WALL-E Movie Review
One of the best reviewed movies of the year is, no surprise, Pixar's Wall-E, a movie that has been buzzing since the first, dialogue-free teaser trailer hit theaters a summer ago with Pixar's last masterpiece, Ratatouille. As good as Ratatouille was, it feels like an appetizer compared to Wall-E, which is as close to a masterpiece as movies can be. It fires on all cylinders and rarely, if ever, misfires.
Wall-E continues the near-perfect streak of the company-not-to-be-outdone, Pixar, as they continue to buck the trend that other animated production houses take. Whereas DreamWorks and Fox and any other company that does animated films tend to play as modern satires and spoofs, with timely jokes and music, Pixar continues to amaze with fully realized characters, visuals and story. Pixar films are becoming increasingly daring and ambitious, and Wall-E, by far, is their crowning achievement.
Whereas most animated films will be crammed with the voices of well known actors to pull in box office dollars, Pixar has gone the unconventional route of removing almost all dialogue from the entire picture. The two main characters, both robots, say twenty words between them; the main character says two or three at most. It's a risky move, as, after all, Pixar is making a movie for children. Or are they? When one thinks about it, Pixar has transcended the level of cartoon or kid's flick. Pixar is the one animated brand that all but guarantees widespread appeal and general audience attention. Most animated movies, even box office successes like Kung Fu Panda, do not automatically appeal to older audiences, and as such, DreamWorks and the rest have to make movies with the easy laughs. Pixar is guaranteed a lot of box office, and thus they have the ability to experiment.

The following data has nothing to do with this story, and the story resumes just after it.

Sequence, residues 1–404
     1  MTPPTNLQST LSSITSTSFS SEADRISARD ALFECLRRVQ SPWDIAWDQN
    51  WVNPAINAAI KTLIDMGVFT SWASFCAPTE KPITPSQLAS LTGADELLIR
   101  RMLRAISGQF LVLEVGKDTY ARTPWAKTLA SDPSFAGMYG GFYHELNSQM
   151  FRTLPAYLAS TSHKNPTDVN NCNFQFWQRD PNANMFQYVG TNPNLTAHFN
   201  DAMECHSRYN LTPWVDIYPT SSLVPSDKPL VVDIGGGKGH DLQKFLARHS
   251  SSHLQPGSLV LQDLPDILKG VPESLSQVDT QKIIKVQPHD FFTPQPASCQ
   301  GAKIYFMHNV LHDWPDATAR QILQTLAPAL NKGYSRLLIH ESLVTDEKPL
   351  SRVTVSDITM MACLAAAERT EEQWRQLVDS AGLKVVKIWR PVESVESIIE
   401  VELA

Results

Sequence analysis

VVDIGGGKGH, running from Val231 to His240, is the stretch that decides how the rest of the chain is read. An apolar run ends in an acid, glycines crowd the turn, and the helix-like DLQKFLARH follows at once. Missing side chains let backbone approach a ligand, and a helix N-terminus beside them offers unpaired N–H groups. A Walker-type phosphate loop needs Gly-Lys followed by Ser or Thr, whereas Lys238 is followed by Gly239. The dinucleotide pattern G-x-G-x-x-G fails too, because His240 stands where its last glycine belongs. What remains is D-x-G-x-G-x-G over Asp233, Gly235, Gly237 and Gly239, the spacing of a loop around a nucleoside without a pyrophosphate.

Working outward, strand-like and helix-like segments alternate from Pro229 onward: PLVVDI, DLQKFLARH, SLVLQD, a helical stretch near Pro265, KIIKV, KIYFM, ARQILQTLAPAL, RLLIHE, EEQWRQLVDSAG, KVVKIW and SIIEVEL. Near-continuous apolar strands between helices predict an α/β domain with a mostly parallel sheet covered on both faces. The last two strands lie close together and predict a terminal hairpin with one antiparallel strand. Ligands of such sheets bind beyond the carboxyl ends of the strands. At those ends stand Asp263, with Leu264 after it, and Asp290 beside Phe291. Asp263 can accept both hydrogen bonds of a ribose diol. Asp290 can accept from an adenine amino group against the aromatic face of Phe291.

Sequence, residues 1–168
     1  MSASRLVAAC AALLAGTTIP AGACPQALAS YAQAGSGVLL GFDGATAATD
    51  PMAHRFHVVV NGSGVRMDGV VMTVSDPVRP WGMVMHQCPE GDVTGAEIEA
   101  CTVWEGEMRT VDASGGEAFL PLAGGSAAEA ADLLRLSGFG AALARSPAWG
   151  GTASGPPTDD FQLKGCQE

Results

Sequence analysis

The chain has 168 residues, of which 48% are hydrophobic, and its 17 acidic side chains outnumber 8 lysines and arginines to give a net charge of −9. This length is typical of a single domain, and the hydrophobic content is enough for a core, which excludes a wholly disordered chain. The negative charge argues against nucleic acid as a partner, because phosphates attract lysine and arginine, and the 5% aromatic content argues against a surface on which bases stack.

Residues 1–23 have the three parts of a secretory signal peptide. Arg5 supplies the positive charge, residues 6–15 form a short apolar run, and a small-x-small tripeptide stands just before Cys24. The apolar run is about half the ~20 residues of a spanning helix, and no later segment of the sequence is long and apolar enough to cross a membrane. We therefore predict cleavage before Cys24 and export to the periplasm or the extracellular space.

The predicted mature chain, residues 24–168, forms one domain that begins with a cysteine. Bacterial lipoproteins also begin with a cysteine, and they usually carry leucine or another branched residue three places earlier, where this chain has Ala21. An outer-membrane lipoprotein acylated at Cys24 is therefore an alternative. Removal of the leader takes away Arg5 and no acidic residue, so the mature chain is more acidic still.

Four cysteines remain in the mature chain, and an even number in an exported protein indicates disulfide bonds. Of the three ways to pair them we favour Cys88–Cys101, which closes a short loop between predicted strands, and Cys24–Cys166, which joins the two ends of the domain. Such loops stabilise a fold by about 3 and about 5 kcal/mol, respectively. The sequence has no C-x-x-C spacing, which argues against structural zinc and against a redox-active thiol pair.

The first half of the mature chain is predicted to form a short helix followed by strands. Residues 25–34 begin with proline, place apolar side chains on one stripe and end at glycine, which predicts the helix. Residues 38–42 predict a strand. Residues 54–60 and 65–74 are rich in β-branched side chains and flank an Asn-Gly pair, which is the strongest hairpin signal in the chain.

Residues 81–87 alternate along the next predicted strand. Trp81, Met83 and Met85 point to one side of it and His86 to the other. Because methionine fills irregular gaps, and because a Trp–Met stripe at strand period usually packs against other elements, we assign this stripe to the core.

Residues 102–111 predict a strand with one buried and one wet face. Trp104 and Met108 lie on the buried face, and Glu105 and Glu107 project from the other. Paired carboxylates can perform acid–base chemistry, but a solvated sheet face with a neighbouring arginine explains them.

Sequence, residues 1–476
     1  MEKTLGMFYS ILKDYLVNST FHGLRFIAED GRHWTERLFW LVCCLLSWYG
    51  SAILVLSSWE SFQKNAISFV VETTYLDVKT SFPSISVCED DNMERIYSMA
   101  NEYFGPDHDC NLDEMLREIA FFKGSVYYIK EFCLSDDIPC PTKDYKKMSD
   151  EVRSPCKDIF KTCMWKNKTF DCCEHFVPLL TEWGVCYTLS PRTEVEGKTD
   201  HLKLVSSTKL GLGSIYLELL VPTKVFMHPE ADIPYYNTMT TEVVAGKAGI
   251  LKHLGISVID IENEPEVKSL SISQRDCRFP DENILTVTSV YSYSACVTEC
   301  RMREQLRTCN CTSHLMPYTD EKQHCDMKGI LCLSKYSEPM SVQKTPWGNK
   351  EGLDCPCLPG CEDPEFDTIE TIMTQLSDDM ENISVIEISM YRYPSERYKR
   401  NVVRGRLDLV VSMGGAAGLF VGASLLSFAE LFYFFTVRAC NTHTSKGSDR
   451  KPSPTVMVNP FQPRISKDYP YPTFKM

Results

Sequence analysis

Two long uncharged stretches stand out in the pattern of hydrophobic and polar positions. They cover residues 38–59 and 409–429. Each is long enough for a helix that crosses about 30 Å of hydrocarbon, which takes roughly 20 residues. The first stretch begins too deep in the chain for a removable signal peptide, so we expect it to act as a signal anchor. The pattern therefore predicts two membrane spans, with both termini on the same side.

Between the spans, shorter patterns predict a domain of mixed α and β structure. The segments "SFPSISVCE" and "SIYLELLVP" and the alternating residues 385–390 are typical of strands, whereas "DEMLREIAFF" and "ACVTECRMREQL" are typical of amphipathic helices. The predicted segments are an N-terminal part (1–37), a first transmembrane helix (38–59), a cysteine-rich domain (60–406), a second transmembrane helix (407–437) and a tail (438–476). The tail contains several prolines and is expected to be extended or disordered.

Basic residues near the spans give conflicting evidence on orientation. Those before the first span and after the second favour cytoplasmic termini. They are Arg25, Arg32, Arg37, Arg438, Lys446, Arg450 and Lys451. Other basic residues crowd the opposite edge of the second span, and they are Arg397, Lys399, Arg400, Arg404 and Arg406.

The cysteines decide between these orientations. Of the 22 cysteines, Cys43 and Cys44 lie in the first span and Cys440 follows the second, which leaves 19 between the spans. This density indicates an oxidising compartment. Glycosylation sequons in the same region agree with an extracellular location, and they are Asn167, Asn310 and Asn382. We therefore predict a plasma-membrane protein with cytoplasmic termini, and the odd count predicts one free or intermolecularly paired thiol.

Experiment they do. Wall-E takes place on Earth 800 years in the future. There are no humans left; in fact, the only form of life is a single cockroach. New York and the rest of the world are piled high with skyscraper-sized garbage heaps, created by the Wall-E robots left behind to clean up humanity's mess. The mess, created by megastores and consumerism, has caused humans to go on a five-year journey - going on 700 years - through space. Aside from the cockroach, all that's left is a single, lonely robot, who goes about his day doing his job and curiously examining the garbage he is designed to cleanup. When a spaceship lands and a new, shiny white female robot named Eve emerges to search for any sign of life, though, Wall-E falls in love. His curiosity and devotion lead him to follow Eve into space, and with him could come humanity's salvation.
Yes, it doesn't sound like a kid's movie. And in many ways it's not, except that it contains no objectionable material and is highly enjoyable in every single way. Wall-E does carry a heavy environmental message, but it's never in your face to where it becomes distracting. Written and directed by Andrew Stanton, the director of the Toy Story movies and Finding Nemo, among others, Wall-E is flawless in design, execution and story. Nothing is said for the first half hour of the movie, yet Stanton keeps you engaged, intrigued and entertained. Wall-E is funny, but in a simple, realistic way. Wall-E is like a curious dog, and humor comes from the same things that you would laugh about when watching your pet explore a new yard. Anything and everything can be fascinating to him, and he acts like a sad, lonely but determined puppy.
Beyond the writing, though, the visual effects and direction are absolutely amazing. The visuals, some of the best on the market today, continue the almost-realistic visuals seen in Ratatouille. The first half hour is especially mesmerizing as Stanton and his visual effects time show us a world that is stunningly detailed. The visuals deserve an Oscar, and if not for the stigma against animated films, I could see a Best Director nod in favor of Stanton.
Wall-E is quite possibly the best animated movie ever created, and beyond that, it is a funny, cute, romantic and heartwarming tale. It is, simply, a masterpiece.
Review by Erik Samdahl unless otherwise indicated.